Mechanistic changes in zinc metabolism on tumour formation in breast cancer are reflected in the change of natural intrinsic zinc isotopic composition of breast tissue. Whilst the causes are not certain, this observation implicates the potential use of high precision isotopic analysis to develop a new, early biomarker for breast cancer.


Sample collection

This study was approved by the Tissue Management Committee of the Imperial College NHS Healthcare Tissue Bank. Informed patient consent was obtained before the collection of samples. Sample collection was performed at Charing Cross Hospital, Imperial College NHS Trust, London UK. Samples were collected in clean Teflon vials from breast cancer patients (blood, serum, tumour, healthy tissue, haematoma) and age matched controls (blood, serum). Tumour and haematoma samples were taken using precleaned ceramic knives, with the exception of three previously collected tumor samples supplied directly from the tissue bank in plastic vials.

Sample preparation

Samples were prepared for Zn and Cu isotopic composition and concentration analysis in Class 10 laminar flow hoods either in the MAGIC Clean Room Laboratory, Imperial College London or at the Clean Laboratory Suite at the University of Oxford. Quartz distilled acids diluted with 18 MΩ cm H2O (Millipore) if necessary were used throughout for sample preparation. Samples (0.25–0.5 ml or <0.5 g) were microwave digested in a 3 + 2 mixture of 15 M HNO3 + 30% H2O2 (vol/vol) ramping over 90 min to 210 °C, 250 psi.

Concentration and isotopic analysis

Zinc and copper concentrations were determined by ICP-AES and ICP-MS at the Natural History Museum, London (Table 1). The Zn concentrations were used to allow accurate double spiking prior to Zn isolation from the sample matrix via anion exchange chromatography.23,24 Isotope analyses were performed using the Nu Instruments Nu Plasma HR MC-ICP-MS at the appropriate resolution mode (Cu: low, Zn: medium) with either an Aridus (Cetac, ICL) or a DSN (Nu Instruments, Oxford) desolvating sample introduction system. Isotope measurements were performed as previously described.25,26 A reference solution was measured at least twice either side of sample analyses to monitor and allow accurate correction of changes in instrumental mass bias, as described previously.23,24,26 The data retrieved from the MC-ICP-MS measurements were used to calculate the difference in isotope composition (δ66Zn or δ65Cu) of a sample (sam) relative to the average of the bracketing standard solutions (std; equation 1), Cu by exponential normalization with nickel24 and Zn by double spike deconvolution.23 Isotopic values are reported relative to the well-characterised materials IRMM-3702 (Zn) and ERM-AE633 (Cu).27 The Zn and Cu blank contribution were monitored to ensure results were not influenced by background levels and was typically <1% of the total sample Zn or Cu respectively. The reproducibility of the methods were monitored by (i) repeat measurements of an in house standard alongside samples, (ii) the processing and measurement of the same samples through the whole method twice, and (iii) the measurement of a matrix matched standard material, BCR-639 Human serum, with multiple batches of samples (Table 1). The external reproducibility of the in house standard is ±0.10‰ (2SD) and the vast majority of the samples are within this uncertainty, and all are within the reproducibility of the matrix matched standard.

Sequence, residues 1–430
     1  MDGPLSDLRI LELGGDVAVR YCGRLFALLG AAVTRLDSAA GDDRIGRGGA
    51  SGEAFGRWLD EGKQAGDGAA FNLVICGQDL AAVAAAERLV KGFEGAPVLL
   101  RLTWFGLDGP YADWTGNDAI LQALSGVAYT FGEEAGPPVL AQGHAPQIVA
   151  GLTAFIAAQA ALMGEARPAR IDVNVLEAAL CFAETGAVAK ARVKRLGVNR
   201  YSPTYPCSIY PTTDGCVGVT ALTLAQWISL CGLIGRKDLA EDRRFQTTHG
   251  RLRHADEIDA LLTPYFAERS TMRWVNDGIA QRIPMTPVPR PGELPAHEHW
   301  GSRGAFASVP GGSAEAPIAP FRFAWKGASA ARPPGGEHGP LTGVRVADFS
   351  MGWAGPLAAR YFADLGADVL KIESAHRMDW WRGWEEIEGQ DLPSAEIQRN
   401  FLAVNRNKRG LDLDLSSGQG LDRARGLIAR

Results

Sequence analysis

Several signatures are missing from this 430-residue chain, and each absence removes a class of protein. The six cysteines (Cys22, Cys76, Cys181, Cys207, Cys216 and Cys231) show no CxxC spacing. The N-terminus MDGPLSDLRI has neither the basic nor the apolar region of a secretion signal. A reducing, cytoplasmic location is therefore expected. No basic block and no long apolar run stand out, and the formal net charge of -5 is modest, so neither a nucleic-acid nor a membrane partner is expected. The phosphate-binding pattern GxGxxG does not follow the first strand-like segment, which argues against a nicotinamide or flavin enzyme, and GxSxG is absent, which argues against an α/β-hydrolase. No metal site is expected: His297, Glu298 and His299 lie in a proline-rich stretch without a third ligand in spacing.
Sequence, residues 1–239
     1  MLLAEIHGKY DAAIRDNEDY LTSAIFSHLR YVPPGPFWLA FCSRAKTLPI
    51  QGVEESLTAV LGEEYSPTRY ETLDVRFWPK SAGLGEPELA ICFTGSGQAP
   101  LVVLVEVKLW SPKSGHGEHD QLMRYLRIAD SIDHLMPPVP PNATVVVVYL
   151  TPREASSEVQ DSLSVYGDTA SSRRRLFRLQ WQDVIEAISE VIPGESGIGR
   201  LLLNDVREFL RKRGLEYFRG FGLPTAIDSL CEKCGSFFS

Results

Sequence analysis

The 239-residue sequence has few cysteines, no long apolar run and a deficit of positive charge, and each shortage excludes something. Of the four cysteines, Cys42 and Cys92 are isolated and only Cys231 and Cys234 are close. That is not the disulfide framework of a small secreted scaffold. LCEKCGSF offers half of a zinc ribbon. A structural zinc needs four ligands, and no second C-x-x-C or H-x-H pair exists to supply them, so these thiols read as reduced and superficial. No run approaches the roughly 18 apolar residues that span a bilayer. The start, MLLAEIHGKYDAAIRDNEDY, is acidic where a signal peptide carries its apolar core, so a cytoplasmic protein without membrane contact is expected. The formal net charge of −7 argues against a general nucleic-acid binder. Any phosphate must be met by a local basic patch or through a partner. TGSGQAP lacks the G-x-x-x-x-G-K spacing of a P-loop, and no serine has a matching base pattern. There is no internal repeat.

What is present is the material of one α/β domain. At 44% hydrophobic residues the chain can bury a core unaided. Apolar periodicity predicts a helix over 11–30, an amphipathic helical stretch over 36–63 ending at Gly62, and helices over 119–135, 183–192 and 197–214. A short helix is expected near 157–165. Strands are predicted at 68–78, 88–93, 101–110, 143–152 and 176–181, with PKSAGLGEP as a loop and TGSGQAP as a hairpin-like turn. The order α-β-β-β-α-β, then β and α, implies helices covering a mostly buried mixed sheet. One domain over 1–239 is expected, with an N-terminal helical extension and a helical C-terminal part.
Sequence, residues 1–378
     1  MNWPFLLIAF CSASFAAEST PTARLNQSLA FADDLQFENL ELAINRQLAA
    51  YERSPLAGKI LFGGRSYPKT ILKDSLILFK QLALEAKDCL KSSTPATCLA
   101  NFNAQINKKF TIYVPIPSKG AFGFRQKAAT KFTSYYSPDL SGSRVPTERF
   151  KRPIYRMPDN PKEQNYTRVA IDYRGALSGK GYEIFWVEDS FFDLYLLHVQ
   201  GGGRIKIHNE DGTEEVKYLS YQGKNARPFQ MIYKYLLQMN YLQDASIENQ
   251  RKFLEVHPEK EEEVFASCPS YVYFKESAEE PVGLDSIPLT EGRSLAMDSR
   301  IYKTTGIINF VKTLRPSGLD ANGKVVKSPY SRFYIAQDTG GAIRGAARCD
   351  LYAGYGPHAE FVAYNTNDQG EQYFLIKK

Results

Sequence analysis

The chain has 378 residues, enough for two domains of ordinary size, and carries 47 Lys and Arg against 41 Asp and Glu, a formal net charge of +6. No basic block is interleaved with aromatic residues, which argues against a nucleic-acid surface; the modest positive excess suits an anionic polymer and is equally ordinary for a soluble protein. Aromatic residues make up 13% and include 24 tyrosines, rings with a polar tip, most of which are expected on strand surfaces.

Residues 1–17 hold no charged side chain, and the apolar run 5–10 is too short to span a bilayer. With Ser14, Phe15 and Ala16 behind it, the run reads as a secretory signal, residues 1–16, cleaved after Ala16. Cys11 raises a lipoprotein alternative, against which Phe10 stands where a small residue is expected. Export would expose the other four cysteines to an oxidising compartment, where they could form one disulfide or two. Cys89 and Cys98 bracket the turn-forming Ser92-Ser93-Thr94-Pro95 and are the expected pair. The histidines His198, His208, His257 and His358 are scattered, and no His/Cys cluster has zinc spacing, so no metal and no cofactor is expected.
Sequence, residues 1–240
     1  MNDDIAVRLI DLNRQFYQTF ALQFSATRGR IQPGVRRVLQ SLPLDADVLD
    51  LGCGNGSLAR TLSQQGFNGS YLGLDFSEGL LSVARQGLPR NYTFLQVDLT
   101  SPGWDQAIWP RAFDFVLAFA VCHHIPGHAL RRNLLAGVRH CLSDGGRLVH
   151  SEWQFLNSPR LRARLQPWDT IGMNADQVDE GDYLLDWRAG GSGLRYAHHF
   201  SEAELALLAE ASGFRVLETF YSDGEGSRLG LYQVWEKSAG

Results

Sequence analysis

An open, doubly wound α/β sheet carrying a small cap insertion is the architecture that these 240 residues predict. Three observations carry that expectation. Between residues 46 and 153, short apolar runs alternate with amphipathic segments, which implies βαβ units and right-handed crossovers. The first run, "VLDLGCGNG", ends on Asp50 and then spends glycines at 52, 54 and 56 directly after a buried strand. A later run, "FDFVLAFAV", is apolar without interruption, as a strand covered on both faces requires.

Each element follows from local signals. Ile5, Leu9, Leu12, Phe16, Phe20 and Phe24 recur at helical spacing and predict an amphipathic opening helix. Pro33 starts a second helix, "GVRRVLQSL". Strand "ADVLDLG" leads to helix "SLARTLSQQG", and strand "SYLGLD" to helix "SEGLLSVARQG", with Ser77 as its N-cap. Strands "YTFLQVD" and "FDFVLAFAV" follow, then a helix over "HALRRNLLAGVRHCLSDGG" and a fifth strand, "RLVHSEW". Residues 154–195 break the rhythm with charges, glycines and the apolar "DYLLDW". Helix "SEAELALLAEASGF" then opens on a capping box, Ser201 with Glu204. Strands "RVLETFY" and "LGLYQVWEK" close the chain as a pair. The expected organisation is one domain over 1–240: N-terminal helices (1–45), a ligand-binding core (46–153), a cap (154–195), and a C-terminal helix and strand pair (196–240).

Tissue samples were provided by the Imperial College Healthcare NHS Trust Tissue Bank. Other investigators may have received samples from these same tissues. This study was supported by an ERC Advanced Fellowship to A.N.H., Pfizer (IES) grant PX0602_WSCC to R.C.C. and Impact Acceleration Awards from STFC and EPSRC to M.R and F.L. Author contributions: L.N.W. and A.M. coordinated patient consent and sample collection; S.Sh. provided tissue samples and histopathological data; E.H-W. and S.St. performed concentration analyses; F.L., R.C.C. and M.R. designed the study; A.N.H. was involved in study design and data analysis; A.N.H. and M.R. were involved in manuscript preparation; F.L. digested, separated, performed MC-ICP-MS analyses, analysed the data and wrote the paper. All authors discussed the findings and commented on the manuscript.


  1. E. J. Margalioth, J. G. Schenker and M. Chevion, Copper and zinc levels in normal and malignant tissues, Cancer, 1983, 52, 868–872 CrossRef CAS.
  2. S. Alam and S. L. Kelleher, Cellular mechanisms of zinc dysregulation: A perspective on zinc homeostasis as an etiological factor in the development and progression of breast cancer, Nutrients, 2012, 4, 875–903 CrossRef CAS PubMed.
  3. C. T. Chasapis, A. C. Luotsidou, C. A. Spiliopoulou and M. E. Stefanidou, Zinc and human health: an update, Arch. Toxicol., 2012, 86, 521–534 CrossRef CAS PubMed.
  4. J. L. L. Morgan, J. L. Skulan, G. W. Gordon, S. J. Romaniello, S. M. Smith and A. D. Anbar, Rapidly assessing changes in bone mineral balance using natural stable calcium isotopes, Proc. Natl. Acad. Sci. U. S. A., 2012, 109, 9989–9994 CrossRef CAS PubMed.
  5. P. A. Krayenbuehl, T. Walczyk, R. Schoenberg, F. von Blanckenburg and G. Schulthess, Hereditary hemochromatosis is reflected in the iron isotope composition of blood, Blood, 2005, 105, 3812–3816 CrossRef CAS PubMed.